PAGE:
Buoyed by Wall St. Protests, Rallies Sweep the Globe
By CARA BUCKLEY and RACHEL DONADIO
At least 88 people were arrested in
Other than Rome’s, the demonstrations across Europe were largely peaceful, with thousands of people marching past ancient monuments and gathering in front of capitalist symbols like the European Central Bank in
But just as the rallies in New York have represented a variety of messages — signs have been held in opposition to President Obama yards away from signs in support of him — so did Saturday’s protests contain a grab bag of sentiments, opposing nuclear power, political corruption and the privatization of water.
Yet despite the difference in language, landscape and scale, the protests were united in frustration with the widening gap between the rich and the poor.
“I have no problem with capitalism,” Herbert Haberl, 51, said in
In New York, where the occupation of Zuccotti Park in Lower Manhattan was moving into its second month, a large crowd marched north early Saturday afternoon to Washington Square Park, where it was joined by several hundred college students who decried, among other things, student debt and unemployment.
In late afternoon, the crowds marched up Avenue of the
At Times Square, they convened with thousands of other protesters and caught hundreds of tourists unawares. “We thought they were going to stay down on Wall Street,” said Sandi Bernard — who is 59 and was visiting from Waldorf, Md. — while wondering if she would have trouble making the 8 p.m. curtain call for “Spider-Man: Turn Off the Dark.”
Some tourists pumped their fists and whooped from atop double-decker sightseeing buses as the protesters cheered back. To keep
Three people were arrested trying to take down barricades, the police said. Later, as officers tried to disperse people east on 46th Street, 42 people who the police said defied their orders were taken away, in plastic handcuffs, in three police wagons. One witness, Harry Kaback, a 26-year-old comic selling tickets to the Ha! comedy club, said the protesters were “getting rowdy” with the police and shouting in their faces.
For the protesters, marching on
“Times Square represents business as usual — buy, buy, buy in this economic climate, watch the latest show,” said Elias Holtz, 29, a Web designer who lives in Bushwick, Brooklyn. “But the crisis is everywhere.”
The protest moved back to
Virtually everyone chose to leave, and it was unclear if anyone was arrested. Many headed back to
Earlier, about a dozen protesters entered a Chase branch in Lower Manhattan and withdrew their money from the bank while 300 other people circled the block, some shouting chants and beating on drums. The former Chase customers, who declined to reveal how much they had in their accounts — though a few acknowledged it was not much — said they planned to put their money into smaller banks or credit unions.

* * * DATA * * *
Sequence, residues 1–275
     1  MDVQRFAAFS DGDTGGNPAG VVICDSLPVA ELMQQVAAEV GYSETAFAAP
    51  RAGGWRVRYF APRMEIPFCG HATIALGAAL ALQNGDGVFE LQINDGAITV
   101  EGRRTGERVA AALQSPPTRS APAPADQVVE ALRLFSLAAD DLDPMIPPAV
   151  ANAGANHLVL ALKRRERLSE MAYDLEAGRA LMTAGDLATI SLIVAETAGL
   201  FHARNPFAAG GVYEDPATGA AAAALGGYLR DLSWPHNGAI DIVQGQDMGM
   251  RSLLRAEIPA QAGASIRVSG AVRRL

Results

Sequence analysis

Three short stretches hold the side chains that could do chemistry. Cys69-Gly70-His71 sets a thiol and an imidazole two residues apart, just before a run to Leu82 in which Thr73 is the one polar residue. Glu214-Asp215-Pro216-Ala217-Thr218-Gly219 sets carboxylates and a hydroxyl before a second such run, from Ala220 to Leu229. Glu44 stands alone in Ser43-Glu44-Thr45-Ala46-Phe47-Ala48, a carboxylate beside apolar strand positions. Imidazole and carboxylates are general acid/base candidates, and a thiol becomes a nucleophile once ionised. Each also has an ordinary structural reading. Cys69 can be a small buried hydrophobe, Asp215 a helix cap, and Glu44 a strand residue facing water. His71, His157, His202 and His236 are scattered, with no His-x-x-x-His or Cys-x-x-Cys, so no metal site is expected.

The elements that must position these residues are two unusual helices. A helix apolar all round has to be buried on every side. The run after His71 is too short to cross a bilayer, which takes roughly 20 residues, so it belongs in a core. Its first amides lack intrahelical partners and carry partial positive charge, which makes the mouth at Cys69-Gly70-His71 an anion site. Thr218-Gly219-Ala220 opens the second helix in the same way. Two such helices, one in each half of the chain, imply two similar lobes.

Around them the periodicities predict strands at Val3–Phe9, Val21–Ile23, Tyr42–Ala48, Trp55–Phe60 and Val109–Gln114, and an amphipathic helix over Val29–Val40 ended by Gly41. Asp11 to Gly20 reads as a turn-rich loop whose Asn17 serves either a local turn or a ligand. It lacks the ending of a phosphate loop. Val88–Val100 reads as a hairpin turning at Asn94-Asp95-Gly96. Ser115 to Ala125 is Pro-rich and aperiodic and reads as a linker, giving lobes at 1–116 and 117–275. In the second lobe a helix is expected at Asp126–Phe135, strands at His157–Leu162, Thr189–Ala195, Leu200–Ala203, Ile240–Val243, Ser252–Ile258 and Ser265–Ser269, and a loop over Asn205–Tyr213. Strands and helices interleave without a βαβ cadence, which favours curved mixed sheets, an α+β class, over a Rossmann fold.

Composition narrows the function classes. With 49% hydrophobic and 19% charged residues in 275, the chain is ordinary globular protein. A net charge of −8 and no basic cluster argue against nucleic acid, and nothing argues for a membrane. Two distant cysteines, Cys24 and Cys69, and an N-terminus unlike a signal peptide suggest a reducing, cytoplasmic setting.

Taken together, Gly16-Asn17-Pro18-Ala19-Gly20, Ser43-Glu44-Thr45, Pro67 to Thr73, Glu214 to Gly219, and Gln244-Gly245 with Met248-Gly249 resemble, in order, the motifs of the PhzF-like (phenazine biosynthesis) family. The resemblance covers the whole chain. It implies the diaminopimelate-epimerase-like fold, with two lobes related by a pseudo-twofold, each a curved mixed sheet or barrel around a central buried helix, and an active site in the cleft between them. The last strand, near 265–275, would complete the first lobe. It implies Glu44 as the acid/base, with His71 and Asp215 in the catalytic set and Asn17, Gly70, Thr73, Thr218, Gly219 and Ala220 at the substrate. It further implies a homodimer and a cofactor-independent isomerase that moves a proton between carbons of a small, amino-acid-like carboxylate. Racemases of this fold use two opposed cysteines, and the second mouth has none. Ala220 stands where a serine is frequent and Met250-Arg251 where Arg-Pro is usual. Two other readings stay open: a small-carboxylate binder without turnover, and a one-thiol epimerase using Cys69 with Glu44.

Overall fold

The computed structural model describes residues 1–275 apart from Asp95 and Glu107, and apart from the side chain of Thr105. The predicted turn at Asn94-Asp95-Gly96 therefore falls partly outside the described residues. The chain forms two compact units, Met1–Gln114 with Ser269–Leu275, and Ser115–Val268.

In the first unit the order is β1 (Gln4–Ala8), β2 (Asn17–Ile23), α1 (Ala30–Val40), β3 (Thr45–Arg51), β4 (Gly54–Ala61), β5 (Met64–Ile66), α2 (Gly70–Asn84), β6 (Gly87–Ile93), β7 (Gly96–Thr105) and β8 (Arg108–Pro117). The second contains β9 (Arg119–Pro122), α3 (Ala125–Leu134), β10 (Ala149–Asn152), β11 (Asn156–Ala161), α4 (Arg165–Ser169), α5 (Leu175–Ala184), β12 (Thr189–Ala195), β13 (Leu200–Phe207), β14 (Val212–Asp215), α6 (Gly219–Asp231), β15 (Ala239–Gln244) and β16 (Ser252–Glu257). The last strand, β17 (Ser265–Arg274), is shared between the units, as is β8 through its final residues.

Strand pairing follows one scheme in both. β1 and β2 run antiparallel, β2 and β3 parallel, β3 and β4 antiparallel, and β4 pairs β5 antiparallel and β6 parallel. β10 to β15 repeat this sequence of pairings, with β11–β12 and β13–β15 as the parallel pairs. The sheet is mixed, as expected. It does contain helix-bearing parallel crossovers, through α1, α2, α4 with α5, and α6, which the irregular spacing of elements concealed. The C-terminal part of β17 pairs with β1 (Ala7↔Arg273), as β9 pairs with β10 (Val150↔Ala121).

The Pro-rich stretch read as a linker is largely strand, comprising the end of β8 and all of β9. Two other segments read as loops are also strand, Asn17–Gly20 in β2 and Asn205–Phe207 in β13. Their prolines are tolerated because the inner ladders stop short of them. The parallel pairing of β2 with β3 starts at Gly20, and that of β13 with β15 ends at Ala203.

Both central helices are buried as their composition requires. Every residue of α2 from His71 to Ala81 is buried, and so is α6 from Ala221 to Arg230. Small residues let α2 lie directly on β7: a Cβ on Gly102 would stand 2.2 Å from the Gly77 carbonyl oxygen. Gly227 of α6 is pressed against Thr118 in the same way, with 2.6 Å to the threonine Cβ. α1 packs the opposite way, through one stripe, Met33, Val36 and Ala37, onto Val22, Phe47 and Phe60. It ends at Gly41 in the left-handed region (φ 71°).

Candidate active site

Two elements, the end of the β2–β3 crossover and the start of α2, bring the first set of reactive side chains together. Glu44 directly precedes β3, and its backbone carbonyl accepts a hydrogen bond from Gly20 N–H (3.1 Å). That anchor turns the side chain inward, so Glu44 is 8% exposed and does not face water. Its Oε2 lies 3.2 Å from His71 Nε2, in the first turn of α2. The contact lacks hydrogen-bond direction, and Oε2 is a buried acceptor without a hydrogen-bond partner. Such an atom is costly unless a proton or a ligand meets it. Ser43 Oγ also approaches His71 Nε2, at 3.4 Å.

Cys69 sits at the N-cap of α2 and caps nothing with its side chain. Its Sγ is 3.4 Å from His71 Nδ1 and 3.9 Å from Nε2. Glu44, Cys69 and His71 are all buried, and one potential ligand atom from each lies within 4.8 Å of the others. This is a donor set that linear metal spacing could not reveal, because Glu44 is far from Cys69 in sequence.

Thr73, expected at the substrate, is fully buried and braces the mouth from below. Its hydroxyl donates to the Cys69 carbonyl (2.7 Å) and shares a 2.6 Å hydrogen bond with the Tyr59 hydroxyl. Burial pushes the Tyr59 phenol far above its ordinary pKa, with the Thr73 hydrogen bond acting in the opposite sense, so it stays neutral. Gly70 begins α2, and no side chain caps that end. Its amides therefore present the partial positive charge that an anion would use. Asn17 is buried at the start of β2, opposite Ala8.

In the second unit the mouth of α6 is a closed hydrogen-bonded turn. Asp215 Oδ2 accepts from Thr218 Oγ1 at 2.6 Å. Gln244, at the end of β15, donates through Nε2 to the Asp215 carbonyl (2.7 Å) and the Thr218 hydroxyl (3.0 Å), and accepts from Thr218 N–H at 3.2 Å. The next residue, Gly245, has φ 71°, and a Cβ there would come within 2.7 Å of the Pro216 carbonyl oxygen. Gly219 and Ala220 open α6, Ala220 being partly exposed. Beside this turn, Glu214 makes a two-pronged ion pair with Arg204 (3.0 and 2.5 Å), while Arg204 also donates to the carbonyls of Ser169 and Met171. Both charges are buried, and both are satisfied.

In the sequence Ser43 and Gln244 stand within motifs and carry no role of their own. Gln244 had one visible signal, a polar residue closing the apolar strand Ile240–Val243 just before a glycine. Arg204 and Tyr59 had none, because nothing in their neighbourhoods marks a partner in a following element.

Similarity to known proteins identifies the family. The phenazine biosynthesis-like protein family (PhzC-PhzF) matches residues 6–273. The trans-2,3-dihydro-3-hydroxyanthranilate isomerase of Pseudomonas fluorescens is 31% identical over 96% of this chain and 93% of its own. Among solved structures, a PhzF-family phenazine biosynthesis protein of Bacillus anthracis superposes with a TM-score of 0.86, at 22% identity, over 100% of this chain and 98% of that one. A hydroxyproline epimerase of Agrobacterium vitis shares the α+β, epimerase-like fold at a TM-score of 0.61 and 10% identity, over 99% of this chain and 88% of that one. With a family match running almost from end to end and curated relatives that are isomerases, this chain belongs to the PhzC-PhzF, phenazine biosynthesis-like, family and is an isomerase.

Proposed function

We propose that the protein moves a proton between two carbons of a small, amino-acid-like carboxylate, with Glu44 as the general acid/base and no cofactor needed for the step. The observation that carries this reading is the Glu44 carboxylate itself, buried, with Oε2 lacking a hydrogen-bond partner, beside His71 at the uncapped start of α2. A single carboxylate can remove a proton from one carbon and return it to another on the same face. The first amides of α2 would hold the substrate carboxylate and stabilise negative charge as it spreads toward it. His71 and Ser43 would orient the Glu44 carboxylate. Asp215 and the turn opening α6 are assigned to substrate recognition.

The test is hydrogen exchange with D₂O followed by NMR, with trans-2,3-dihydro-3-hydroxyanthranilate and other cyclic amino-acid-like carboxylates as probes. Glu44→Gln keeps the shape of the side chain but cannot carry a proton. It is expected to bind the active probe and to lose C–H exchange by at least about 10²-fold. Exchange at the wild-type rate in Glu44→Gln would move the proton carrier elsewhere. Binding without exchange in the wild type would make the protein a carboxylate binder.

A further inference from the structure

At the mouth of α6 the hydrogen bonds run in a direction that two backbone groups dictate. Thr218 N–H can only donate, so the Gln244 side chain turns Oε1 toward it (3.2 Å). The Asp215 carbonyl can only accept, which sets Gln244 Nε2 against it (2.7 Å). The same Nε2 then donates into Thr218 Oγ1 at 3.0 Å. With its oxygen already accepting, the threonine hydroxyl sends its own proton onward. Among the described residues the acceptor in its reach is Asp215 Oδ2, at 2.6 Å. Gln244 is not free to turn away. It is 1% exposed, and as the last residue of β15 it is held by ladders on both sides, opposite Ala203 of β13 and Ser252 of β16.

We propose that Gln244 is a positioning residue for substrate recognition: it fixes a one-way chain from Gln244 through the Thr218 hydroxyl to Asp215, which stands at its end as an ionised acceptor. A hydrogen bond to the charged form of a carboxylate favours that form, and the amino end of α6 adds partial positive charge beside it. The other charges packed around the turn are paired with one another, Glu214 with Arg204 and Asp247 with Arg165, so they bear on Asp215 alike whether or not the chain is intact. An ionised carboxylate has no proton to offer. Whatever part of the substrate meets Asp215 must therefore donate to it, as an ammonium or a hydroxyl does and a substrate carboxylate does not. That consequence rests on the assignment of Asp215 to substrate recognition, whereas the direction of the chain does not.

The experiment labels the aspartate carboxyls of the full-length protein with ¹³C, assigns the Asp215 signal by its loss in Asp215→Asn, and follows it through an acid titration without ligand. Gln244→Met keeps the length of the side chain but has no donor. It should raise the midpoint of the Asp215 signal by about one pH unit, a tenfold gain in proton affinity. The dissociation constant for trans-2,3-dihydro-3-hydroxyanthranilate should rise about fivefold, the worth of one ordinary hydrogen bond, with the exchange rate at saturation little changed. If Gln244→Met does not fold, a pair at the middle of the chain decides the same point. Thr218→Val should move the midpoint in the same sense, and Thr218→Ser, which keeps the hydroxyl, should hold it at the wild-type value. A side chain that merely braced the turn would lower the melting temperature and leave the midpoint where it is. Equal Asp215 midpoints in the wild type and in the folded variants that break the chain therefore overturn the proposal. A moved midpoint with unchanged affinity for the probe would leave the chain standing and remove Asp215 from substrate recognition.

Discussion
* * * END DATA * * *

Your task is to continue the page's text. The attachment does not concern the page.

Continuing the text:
“The more resources we give to small institutions, the more they’ll be able to provide conveniences like free A.T.M.’s and streamlined online banking so they can compete with the larger banks,” said Hannah Appel, 33, a postdoctoral fellow at Columbia University.
Five people wearing masks were arrested during the march to Times Square for “loitering with masks,” said Paul J. Browne, the Police Department’s chief spokesman, an apparent reference to an old state law prohibiting masked gatherings (the law does not apply to masquerade parties).
And two dozen people were arrested at a Citibank branch on
Some witnesses said that the protesters had tried to leave but were locked inside by bank employees. “They were trying to leave, but they wouldn’t let them,” said Meaghan Linick, 23, of Greenpoint,
Citibank, in a statement, said the protesters “were very disruptive and refused to leave after being repeatedly asked, causing our staff to call 911.” The statement continued, “The police asked the branch staff to close the branch until the protesters could be removed.”
“You see how people are beholden to corporate interests no matter how hard you might have worked to get them elected,” said Kelly Mears, 24, a former software engineer. “There is a disconnect.”
Saturday’s protests sprang not only from the Occupy Wall Street movement that began last month in New York, but also from demonstrations in
Tens of thousands of protesters assembled in Madrid on Saturday evening, when chants mingled with live music, including a rendition of Beethoven’s “Ode to Joy,” lending the downtown area an upbeat feel on an unusually balmy fall afternoon.
Brief clashes were reported in
The WikiLeaks founder, Julian Assange, made an appearance when a crowd assembled in front of
“We don’t feel represented by the government. We feel made fun of,” Alessia Tridici, 18, said in
Cara Buckley reported from New York, and Rachel Donadio from
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"The master class has always declared the wars; the subject class has always fought the battles. The master class has had all to gain and nothing to lose, while the subject class has had nothing to gain and everything to lose--especially their lives." Eugene Victor Debs